Sanctuary in the City

Burnt heath (foreground) and woodland (background) after a
large wildfire. The burnt stems in the foreground are Banksia ericifolia.
This usually dominant heath plant can become locally extinct if fire
intervals are too short. (Photo by Claire Foster)

Environmental context is critical for fire management

Guidelines need to look beyond species traits for good outcomes Key messages: Fire-management guidelines are often based on the traits of individual species We studied the association between the recent fire regime and the plant community in three common vegetation types of coastal SE Australia Guidelines considering different vegetation types as separate management units may […]

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We are really bad at predicting management outcomes for entire communities such as the endangered Box Gum Grassy Woodland pictured here. (Photo by Ayesha Tulloch)

Making big predictions using small data

Managing threats to communities of declining species with incomplete information Key messages: By combining models of responses to threats with network analyses of species co-occurrence, we developed an approach to predict how an ecological community restructures under threat management Information from a few species on co-occurrence and expected responses to alternative threat management actions can […]

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Movers and stayers in a changing environment

Richard Hobbs, Leonie Valentine and colleagues believe we should be paying increased attention to species movement in response to environmental change (Hobbs et al, 2017). In particular we need to consider changes in species distributions and altered biological assemblages. Such changes are well known from paleoecological studies, but have accelerated with ongoing pervasive human influence. […]

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A typical scene in the foothill forests of Victoria. In the morning
mist this patch of woodland doesn’t look particularly fire prone but the
blackened trunks, open canopy and epicormics buds (leaves sprouting
from the main tree stem) suggest a major fire has passed through here
recently. Indeed, this image was captured some 15 months after large
wildfires seared parts of central Victoria. The foothill forests cover a
wide range of environmental conditions. How do you manage for fire in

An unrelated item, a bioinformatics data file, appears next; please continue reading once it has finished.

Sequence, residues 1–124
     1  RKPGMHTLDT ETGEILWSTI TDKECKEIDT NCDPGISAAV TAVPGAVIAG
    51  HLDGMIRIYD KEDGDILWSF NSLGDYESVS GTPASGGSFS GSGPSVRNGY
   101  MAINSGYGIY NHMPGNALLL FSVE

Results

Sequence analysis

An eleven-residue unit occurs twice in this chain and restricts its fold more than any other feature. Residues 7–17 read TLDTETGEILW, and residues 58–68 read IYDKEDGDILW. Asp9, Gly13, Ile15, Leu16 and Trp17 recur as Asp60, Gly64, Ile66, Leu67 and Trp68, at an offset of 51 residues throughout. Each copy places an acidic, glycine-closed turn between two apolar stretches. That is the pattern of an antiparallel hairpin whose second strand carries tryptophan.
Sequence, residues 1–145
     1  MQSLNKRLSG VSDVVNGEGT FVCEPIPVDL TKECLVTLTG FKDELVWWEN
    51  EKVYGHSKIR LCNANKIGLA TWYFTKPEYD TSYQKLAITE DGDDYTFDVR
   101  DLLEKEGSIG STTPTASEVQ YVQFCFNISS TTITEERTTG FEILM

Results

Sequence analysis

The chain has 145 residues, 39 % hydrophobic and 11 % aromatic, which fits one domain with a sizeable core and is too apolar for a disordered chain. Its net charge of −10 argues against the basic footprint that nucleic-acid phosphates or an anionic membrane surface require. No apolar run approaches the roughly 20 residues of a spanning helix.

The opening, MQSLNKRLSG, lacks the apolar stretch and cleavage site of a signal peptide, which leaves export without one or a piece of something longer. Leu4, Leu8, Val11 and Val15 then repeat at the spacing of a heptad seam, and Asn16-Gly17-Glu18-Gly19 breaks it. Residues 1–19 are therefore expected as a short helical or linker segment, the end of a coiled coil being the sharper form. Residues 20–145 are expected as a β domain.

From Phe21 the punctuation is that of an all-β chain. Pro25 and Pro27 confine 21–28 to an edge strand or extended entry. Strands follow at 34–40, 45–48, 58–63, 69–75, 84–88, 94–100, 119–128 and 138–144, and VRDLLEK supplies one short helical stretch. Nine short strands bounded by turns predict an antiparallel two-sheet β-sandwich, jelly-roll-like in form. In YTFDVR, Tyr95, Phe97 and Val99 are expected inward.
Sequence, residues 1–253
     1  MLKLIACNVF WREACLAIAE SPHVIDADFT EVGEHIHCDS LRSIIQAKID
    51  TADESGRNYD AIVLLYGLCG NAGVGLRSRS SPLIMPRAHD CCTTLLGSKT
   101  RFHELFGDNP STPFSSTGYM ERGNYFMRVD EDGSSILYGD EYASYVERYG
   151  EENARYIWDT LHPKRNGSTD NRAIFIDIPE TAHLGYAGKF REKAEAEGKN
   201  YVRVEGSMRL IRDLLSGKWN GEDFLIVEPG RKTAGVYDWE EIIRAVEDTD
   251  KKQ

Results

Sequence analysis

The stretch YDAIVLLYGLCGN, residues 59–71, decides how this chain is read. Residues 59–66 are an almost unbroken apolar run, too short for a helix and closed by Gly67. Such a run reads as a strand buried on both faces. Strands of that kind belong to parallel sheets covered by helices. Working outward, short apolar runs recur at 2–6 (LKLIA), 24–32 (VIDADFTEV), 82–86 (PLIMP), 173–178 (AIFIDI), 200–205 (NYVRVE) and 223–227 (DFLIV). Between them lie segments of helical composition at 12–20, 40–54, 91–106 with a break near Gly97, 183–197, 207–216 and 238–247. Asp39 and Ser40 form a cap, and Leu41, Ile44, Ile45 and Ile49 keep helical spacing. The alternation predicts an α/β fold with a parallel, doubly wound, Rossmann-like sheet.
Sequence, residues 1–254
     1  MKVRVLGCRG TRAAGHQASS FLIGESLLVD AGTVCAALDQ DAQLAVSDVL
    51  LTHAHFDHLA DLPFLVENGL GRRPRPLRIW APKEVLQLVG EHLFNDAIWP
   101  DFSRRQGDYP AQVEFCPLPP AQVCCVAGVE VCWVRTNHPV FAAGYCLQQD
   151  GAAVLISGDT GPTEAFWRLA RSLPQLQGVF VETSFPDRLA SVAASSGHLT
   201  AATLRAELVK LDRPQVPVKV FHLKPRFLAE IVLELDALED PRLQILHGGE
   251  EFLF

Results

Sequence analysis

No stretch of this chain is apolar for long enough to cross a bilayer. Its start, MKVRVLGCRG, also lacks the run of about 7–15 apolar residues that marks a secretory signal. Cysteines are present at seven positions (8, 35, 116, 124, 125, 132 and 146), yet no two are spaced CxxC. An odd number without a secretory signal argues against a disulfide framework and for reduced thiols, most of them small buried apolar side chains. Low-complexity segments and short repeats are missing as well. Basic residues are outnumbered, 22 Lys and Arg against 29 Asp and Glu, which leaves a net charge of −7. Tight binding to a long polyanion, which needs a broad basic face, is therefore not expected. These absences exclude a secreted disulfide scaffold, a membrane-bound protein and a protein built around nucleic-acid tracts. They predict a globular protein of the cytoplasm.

such situations? (Photo by Steve Leonard)

Fire in the foothills

Fire regimes and environmental gradients shape the distribution of forest wildlife KEY MESSAGES: Important insights can be gained by modeling how fire regimes, not just fire events, influence biota in forests Management of fire regimes needs to be complemented by an understanding of the underlying environmental gradients and key elements of habitat structure that influence […]

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Example of fine-scale vegetation fragmentation (individual trees
fragmented by urban development, NSW). (Image http://www.wagga.
nsw.gov.au/city-of-wagga-wagga/recreation/lake-albert)

How often, how far, how risky and how biased?

Movement behaviour mediates the impacts of habitat fragmentation at multiple scales KEY MESSAGES Different scales of fragmentation have lethal consequences for animals with certain movement traits For at-risk species, the impact of fine-scale fragmentation was accentuated when fragmentation also occurred at the coarse scale The land use to target with conservation actions to reduce fragmentation […]

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On target to save more species

Targets such as a species’ minimum viable population size or the optimum proportion of land that should be protected (Decision point #83) are important for translating the complexities of biodiversity conservation into clear, generalizable rules. However, setting the same high-aspirational target across different species and landscapes may not be very efficient. To begin with, it is unlikely that different species will respond in exactly the same way to the same conservation target. This could result in unequal levels of protection, and eventually lead to an overestimation in the amount of conservation actually achieved.

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